Whatever their respective merits, one thing has unified all the Star Wars movies: huge box office takings. All the films in the franchise have performed extraordinarily well - with one exception...
Let’s be honest: nobody needed – or particularly wanted a young Han Solo film. There are some performances so iconic that any attempt to replicate them feels like a fool’s errand – and Harrison Ford as Han Solo is right at the top of that list.
So when Solo came along and tanked, few outside of Disney were especially surprised. The whys and wherefores have been endlessly raked over, but the result was that the A Star Wars Story movie strand was binned before its time and a whole potential Solo trilogy was canned.
Which is… a shame. Because I would argue that, not only is Solo a very enjoyable Star Wars film (not the best but easily sitting somewhere in the middle), it’s also a pretty astute character study of Han himself.
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"I don't have people"
When we first meet Han (real surname unknown), he’s a teenage runaway, forced into working for big old gangster worm, Lady Proxima. He's been stealing speeders since he was 10 and we know from the opening crawl that he “yearns to fly among the stars” and escape the destitution of his homeworld, Corellia.
The Han we meet here is a far more naive figure than the man we know and love from the Original Trilogy, but some things remain the same. He’s a charming rogue, a fighter and pretty good at improvising his way out of tricky situations. Above all, he’s a romantic; this is a man who is willing to join the Galactic Empire and go to war simply so that he can eventually come back and be reunited with his girlfriend, Qi’ra (Emilia Clarke).
His character arc in the movie, then, is one of becoming more worldly and realizing that pretty much everyone he meets, befriends or works with will turn out to be only in it for themselves. He's betrayed by his boss, the career criminal Beckett (Woody Harrelson), he's tricked repeatedly by Lando (more on him later) and, most heartbreakingly, discovers that even Qi'ra isn’t to be trusted.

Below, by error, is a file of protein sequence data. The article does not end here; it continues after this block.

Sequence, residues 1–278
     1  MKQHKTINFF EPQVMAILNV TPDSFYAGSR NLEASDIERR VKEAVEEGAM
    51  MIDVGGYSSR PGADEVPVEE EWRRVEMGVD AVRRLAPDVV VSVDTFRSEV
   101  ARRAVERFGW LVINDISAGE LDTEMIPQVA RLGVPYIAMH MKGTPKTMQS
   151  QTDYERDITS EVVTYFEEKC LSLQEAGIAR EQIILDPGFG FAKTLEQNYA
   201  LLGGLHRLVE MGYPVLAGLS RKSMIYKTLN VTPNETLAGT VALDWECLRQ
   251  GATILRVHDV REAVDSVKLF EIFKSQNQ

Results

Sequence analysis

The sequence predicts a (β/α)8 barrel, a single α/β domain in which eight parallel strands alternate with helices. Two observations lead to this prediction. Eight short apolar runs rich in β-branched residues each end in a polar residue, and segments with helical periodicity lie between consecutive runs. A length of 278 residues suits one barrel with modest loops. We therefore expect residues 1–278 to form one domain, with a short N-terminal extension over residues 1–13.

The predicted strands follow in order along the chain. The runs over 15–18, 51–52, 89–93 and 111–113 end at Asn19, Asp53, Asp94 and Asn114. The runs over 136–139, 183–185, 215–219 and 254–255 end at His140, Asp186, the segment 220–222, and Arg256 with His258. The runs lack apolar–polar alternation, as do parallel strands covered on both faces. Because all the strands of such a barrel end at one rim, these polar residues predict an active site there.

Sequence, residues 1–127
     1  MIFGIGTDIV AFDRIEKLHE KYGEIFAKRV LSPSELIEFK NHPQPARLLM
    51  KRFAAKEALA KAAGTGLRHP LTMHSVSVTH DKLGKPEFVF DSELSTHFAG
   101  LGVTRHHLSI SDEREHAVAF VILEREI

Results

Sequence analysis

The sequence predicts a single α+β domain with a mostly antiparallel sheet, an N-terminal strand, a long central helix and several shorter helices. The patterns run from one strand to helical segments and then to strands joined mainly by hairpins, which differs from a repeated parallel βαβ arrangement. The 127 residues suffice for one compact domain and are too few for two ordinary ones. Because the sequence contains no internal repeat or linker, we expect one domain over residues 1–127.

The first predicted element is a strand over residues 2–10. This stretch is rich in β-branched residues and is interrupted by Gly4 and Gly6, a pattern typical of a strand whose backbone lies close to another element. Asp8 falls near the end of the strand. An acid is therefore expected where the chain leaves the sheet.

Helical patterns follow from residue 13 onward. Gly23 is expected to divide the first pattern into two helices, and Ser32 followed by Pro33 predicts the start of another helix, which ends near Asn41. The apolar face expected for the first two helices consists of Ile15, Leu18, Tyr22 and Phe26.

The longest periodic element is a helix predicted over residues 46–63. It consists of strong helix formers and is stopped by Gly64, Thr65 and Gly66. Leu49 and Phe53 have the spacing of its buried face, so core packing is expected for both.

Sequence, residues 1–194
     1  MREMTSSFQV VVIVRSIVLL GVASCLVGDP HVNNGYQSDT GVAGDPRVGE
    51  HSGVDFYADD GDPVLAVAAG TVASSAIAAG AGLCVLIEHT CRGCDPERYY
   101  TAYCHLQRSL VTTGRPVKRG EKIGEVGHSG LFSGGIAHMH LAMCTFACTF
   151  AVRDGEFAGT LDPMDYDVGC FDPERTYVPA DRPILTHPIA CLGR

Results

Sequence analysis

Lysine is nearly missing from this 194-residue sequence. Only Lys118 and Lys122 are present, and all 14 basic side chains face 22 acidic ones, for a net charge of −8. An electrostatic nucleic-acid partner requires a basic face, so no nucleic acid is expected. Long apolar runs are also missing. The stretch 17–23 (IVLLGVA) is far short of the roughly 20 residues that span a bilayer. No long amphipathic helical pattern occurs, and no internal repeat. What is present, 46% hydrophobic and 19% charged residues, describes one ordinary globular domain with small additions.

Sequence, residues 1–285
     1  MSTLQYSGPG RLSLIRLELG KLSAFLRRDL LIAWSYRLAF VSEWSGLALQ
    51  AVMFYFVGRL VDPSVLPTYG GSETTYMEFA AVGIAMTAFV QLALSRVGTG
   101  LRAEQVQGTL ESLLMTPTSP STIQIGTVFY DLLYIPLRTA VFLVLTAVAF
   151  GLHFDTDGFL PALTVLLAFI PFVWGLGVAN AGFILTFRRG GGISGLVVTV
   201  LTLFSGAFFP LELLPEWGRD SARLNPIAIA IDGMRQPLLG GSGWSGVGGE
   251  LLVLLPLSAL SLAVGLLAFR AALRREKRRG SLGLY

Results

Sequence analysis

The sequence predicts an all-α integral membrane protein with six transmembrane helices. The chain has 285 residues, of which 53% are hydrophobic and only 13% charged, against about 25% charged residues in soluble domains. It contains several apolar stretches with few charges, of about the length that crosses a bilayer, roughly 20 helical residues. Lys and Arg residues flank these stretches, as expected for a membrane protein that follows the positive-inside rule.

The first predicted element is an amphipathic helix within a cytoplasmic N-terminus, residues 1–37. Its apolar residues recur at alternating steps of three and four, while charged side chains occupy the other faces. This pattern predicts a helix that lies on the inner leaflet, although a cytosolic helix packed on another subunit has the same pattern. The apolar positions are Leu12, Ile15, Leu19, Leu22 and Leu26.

One of the film’s big themes is the lengths people will go to to survive – and Qi’ra goes the furthest of all, becoming a lynchpin member of the Crimson Dawn crime syndicate. Han ends the film battered and emotionally wounded, about to step up into the 'big' leagues of working for the Hutts, but at the cost of knowing that while he's escaped Corellia, he'll never be out of the underworld for good. This sabacc game never ends.
And yet, as the film points out, he's still "the good guy". Even when Han tries to follow Beckett's lead, to be the charismatic-yet-cynical crook, he just can’t switch off his conscience. He has the chance to take the Coaxium haul for himself... but ends up giving it willingly to proto-rebel, Enfys Nest, just as we know that one day he will turn the Millennium Falcon around and come racing back to help Luke Skywalker destroy the Death Star – and finally change his own life for good.
Now, that’s hardly deep characterization, but it is effective. Solo finds new layers to the character without reinventing him – which leads us to the film’s most surprising quality. Alden Ehrenreich is not just good in the lead role, he’s brilliant.